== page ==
Brief excitement turns to inevitable disappointment in Fedor Emelianenko's Bellator debut
It's difficult to not get excited about seeing Fedor Emelianenko, arguably the greatest heavyweight ever, step inside the cage.
In the division where the 'one strike can change the course of a fight' mentality is most prevalent, Fedor Emelianenko went on a 28-fight unbeaten streak.
The Last Emperor went nine years unbeaten, defeating the likes of Mirko Cro Cop, Mark Coleman (twice), Big Nog (twice), Mark Hunt, Kevin Randleman, Tim Sylvia and Andrei Arlovski, in one of the scariest eras of pure domination in the history of the sport.
For crying out loud, all you have to do is say 'Fedor' and every fight fan knows who you're talking about. Try referring to other great martial artists by their first names to a group of MMA fans. It may take a few seconds for them to realise who Anderson, Georges or Jon is.
Not with Fedor, though. Everyone knows Fedor.
— Coach JK (@John_Kavanagh) June 25, 2017
Although there was a lot of buzz when the Russian put pen to paper on a contract to fight Matt Mitrione in Bellator's New York debut at Bellator 180, there was also a great sense of worry.
Time waits for no man, not even an emperor, and the Fedor we all knew as the baddest man on the planet is no more. We got that feeling when Dan Henderson, a natural middleweight, handed him his third successive loss in a row back in 2011. We got it again when he scored that massively controversial majority decision victory over Fabio Maldonando, who went 5-5 in the UFC's light heavyweight division, in 2016.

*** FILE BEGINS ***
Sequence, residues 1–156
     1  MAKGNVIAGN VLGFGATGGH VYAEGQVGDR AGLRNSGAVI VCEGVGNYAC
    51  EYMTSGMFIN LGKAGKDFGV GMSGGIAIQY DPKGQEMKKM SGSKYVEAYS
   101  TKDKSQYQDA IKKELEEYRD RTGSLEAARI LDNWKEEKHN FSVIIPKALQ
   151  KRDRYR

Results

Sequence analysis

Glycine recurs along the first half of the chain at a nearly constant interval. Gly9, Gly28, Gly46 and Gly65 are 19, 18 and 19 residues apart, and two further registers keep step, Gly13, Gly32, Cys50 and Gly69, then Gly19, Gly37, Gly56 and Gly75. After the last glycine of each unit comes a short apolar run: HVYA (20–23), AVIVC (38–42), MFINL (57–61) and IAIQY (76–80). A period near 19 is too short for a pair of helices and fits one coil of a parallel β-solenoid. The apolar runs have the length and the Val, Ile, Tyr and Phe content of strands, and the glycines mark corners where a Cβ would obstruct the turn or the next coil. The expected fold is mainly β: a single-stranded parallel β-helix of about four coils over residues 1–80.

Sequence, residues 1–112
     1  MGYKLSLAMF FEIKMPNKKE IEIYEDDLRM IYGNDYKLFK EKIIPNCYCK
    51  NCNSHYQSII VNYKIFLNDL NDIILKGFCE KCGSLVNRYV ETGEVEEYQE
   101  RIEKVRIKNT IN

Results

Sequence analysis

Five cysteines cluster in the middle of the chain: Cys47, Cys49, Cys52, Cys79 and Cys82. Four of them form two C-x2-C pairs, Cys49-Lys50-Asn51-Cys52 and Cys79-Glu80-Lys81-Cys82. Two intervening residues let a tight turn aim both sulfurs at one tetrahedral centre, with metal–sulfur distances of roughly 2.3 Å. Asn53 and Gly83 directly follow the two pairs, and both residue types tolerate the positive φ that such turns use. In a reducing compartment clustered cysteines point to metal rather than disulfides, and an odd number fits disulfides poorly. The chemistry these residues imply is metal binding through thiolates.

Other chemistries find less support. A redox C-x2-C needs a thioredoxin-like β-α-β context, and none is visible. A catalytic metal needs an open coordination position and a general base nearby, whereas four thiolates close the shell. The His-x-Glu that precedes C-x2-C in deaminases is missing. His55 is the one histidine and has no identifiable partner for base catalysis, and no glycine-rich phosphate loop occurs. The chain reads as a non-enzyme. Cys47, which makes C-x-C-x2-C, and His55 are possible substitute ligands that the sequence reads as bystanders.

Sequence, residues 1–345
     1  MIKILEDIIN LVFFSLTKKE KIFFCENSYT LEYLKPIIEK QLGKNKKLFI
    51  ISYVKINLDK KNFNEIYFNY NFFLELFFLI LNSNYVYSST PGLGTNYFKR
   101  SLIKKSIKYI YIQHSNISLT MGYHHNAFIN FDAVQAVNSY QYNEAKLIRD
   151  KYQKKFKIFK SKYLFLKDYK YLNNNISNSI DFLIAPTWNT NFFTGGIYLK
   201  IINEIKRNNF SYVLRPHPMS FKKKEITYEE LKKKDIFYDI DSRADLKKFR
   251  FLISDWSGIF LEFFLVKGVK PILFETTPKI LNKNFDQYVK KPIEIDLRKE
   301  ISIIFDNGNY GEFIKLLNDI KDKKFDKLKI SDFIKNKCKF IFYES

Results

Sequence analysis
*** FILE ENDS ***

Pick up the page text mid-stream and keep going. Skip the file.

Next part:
Insane 'win' for Fedor https://t.co/cXD6tKx2Kc
— SportsJOE (@SportsJOEdotie) June 18, 2016
However, for on brief moment in the wee hours of Sunday morning, it looked like Fedor might just have that one stellar finish left in him, when he floored Mitrione just over a minute into their fight. Unfortunately, Fedor was sent backwards to the canvas too, as both fighters landed their hands at the exact same time.
Mitrione was quicker to recover and rushed towards his downed opponent to finish him off with strikes on the ground.
It was the biggest scalp of his career. For Fedor, it was just a first-round knockout loss.